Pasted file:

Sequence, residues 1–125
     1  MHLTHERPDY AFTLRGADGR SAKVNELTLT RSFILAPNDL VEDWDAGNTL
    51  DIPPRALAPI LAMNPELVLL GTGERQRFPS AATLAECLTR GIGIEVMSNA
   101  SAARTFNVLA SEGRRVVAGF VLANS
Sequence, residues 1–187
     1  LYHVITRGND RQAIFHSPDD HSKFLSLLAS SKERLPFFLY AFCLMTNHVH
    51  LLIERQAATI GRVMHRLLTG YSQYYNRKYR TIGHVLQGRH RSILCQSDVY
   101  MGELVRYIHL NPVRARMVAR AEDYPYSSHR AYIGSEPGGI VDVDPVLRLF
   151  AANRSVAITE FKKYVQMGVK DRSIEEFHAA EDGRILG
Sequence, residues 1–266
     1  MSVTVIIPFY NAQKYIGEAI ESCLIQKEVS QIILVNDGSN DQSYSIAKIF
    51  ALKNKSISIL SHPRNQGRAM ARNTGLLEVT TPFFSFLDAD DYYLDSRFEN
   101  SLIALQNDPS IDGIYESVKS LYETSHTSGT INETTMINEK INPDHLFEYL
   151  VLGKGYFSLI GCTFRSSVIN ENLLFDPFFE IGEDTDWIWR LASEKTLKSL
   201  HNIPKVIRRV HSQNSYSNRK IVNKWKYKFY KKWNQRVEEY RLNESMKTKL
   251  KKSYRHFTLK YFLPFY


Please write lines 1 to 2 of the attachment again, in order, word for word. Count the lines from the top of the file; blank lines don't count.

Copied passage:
Sequence, residues 1–125
     1  MHLTHERPDY AFTLRGADGR SAKVNELTLT RSFILAPNDL VEDWDAGNTL